One day I started to write music again I don’t even know what inspired me, I just picked up my pen and started to write. I thought I had lost all of my passion, but there it was again still inside somewhere and I’m so glad I found it again. I wrote every day and I still do to this day. The music, singing and writing kept me occupied and in some brief moments made me forget the pain as my mind was busy creating. The music gave me hope back, if I could bring back passion, what else could I achieve? So I decided I was going to work at trying to walk to my kitchen and back to the sofa – now in actual fact this is only a few steps these days, but back then it took me a really long time, shuffling and holding on to everything I could find to hold me up, hopping, but I made it there. Now all I had to do was get back to the sofa with a cup of tea, this I hadn’t quite thought through and by the time I made it back to the sofa most of the tea was on the floor. I suffered a flare up after this attempt but I decided not to give up and little by little I found a way to make this small journey. Once I had achieved this, I started to make longer journeys to the bathroom and I even attempted the stairs. Going out without crutches was really scary, after 6 months I thought now is my time to try. Every week my friend Pete would pick me up for a jazz gig. He knocked on the door and I was stood there without my crutches, he asked me “Where’s your crutches” and I said “look…” I walked myself to his car (only a few feet away) with no aids. He started to cry. He said he couldn’t believe it and he was so proud of me. Pete is such a loyal and close friend he was there for me in some of my darkest times. From there I decided I had to try more and I wanted to find more to do in music. I saw an ad for Rock Choir leaders and I went for an audition, I tried to hide my limp and I got the job! (although, now that I know the Rock Choir team, I shouldn’t have been so worried about my limp). It was one of the happiest days of my life and I have never looked back.

When I started Rock Choir 5 years ago I ran 6 choirs. Before I started the job I was never sure how my body would cope – but it did and slowly I got used to my schedule and I loved every second of it, from training to rehearsals and shows. The adrenaline for me was the best part of it as it helped cover the pain I had and the music was so uplifting it always made me happy and lifted my spirits, I had never been happier. I was writing more than ever and started my own original band The Big Bads! Then just over a year ago my CRPS spread up my leg and into my arm and hand. This was devastating as it made it so much harder to play piano and do the one thing I love so much, conducting my choirs and getting to all my rehearsals and writing. I quickly realized that I would have to give up my morning choirs so that my body could recover and so that the CRPS would not spread to other limbs. I found it so hard to adapt and I felt so very low. It felt like all that I had fought so hard to have back could just be taken from me again.
I went back to my consultant who put me in touch with Richmond Stace, a specialist pain physiotherapist, to help me overcome the spread of the condition. He explained the condition so that I understood my role and what I could achieve, and taught me techniques including mindfulness, breathing, motor imagery and specific exercises. We talk about how I will get through some of my conducting, right down to visualizing and practicing the moves before I see my choir. I use nourishing techniques and try to remember to pace myself and move every so often into a different position. We talk though the schedule I have coming up and how best to manage it and every time I start to have a flare up we nip it in the bud before it develops. This year will be the first year in 10 years that I have not had a major flare up that has lasted longer than a couple of weeks!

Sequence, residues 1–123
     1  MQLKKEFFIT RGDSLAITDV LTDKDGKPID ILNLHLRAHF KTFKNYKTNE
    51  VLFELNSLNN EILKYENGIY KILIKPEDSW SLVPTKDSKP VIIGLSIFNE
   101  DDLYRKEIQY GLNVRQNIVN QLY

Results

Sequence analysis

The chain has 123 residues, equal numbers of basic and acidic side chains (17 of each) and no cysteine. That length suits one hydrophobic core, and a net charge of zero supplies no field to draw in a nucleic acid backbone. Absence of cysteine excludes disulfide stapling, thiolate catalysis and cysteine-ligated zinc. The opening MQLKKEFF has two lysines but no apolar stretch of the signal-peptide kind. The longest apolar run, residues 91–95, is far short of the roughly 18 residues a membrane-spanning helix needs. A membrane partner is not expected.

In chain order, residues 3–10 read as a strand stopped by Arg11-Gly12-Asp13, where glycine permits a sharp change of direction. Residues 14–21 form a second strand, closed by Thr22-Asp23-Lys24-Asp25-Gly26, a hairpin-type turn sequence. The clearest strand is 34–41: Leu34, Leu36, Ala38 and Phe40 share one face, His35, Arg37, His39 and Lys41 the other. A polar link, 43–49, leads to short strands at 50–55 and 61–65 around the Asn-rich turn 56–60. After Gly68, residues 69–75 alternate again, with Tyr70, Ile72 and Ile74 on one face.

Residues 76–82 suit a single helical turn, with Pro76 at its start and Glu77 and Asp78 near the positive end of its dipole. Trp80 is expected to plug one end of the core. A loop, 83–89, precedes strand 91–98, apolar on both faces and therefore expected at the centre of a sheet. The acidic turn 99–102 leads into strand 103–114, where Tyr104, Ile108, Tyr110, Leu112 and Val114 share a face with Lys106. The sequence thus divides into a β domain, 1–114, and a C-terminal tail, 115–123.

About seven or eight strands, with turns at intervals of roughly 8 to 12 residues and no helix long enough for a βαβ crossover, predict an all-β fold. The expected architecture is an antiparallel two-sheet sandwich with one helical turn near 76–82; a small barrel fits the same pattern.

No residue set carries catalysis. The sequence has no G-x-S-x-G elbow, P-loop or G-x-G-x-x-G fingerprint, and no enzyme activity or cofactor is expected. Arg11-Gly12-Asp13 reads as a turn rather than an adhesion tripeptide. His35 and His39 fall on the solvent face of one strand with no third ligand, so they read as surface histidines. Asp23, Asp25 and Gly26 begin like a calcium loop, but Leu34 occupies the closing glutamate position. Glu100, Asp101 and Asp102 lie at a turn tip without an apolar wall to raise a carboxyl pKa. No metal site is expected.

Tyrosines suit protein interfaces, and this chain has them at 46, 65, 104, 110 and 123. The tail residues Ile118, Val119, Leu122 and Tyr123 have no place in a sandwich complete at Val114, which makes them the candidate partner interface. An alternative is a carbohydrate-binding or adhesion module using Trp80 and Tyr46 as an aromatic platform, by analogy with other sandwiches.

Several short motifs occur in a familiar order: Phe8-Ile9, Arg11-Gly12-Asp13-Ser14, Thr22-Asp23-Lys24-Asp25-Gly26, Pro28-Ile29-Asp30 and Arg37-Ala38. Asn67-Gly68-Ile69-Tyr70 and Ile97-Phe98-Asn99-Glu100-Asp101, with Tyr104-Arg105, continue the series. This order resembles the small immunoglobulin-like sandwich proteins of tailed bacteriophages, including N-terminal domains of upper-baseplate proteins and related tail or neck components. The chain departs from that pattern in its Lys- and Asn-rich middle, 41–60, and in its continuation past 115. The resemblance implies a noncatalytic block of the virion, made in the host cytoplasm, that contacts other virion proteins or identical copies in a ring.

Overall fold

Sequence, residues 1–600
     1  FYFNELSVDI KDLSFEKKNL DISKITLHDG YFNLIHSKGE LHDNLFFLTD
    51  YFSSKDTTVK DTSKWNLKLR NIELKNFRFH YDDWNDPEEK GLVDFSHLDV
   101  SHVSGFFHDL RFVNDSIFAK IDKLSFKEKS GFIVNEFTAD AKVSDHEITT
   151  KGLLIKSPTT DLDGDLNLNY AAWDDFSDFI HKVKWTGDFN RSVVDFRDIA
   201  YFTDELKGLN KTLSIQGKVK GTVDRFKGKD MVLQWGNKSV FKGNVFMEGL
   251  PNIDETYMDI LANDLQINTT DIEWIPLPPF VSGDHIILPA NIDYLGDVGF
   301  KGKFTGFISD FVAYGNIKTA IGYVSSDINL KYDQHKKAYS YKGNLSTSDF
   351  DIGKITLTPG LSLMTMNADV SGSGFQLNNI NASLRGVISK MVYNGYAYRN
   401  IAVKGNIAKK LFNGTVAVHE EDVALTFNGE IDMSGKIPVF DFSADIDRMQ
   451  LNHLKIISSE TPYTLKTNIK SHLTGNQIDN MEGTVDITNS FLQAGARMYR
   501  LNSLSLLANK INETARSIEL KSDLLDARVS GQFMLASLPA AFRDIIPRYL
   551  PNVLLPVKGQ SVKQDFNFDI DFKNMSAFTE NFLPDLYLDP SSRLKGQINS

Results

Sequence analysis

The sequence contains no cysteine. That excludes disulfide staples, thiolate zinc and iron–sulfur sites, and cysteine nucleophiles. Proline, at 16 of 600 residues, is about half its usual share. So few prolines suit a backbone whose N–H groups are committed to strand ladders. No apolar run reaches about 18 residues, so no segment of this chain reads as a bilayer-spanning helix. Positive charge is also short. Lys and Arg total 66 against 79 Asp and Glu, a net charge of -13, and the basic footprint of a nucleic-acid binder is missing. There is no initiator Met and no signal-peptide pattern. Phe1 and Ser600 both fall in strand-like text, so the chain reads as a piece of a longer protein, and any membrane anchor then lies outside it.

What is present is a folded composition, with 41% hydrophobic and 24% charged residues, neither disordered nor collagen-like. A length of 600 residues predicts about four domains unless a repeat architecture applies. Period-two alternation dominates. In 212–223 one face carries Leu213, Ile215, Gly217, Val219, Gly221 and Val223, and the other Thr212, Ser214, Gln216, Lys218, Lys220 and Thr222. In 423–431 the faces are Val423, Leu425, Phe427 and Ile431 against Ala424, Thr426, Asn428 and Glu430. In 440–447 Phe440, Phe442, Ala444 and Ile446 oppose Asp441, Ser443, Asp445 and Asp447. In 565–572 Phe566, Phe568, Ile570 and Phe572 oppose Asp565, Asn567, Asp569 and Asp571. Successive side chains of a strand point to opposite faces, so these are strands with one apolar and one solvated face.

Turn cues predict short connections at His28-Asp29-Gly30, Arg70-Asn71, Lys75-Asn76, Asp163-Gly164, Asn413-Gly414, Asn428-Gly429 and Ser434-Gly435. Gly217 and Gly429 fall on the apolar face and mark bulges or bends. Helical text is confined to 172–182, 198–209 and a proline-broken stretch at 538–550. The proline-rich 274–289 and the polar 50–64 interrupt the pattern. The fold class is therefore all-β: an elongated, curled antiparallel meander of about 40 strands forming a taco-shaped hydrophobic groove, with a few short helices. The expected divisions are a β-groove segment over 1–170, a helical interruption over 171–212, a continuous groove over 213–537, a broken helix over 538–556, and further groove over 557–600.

I can see a future now; a future that means I can deal with the condition I have and co- exist with it. I would like to help others now to regain their lives from pain. I know how hard it is, but if I told you it was possible would you try too? I don’t want people to give up. There has to be a better way and if we can help more people find their path through the pain by understanding their symptoms, using music and techniques that work such as mindfulness, imagery, graded exercise, then that would make me even happier!

28Jan/15
The Chelsea Consulting Rooms

Specialist treatment for pain

Richmond M. Stace Specialist Physiotherapist & Pain Coach

Richmond M. Stace
Specialist Physiotherapist & Pain Coach

Pain is the largest global health burden. Those who suffer persisting pain will understand why, as the impact of pain creeps into every corner of your life. Fortunately we have a far greater understanding of the science of pain now, and hence increasingly effective ways of tackling the problem.

My background is in pain neuroscience and physiotherapy. I have also studied rehabilitation and general nursing, and the blend of these four disciplines has led to my modern approach to dealing with pain, and in particular chronic or persisting pain. The treatments, the rehabilitation strategies and pain coach concept have been created on the basis of the latest sciences and my experience in healthcare for over 20 years.

The treatment, training and coaching programme

I focus on working with people who suffer persisting pain. This is not limited to musculoskeletal pain, but any chronic pain problem, for example irritable bowel syndrome and migraine. Together we comprehensively explore how you have come to be in a state of persisting pain, identify the pain mechanisms and the factors in your life that influence the pain. This creates the opportunity to tackle the pain at a number of levels. This is important as we know that pain is multi-system (pain involves all body systems) and multi-dimensional (the dimensions are physical, cognitive and emotional; these interact and are not exclusive). To fully address the pain problem, all of these factors must be considered, which is why your programme is detailed and bespoke according to your needs and circumstances.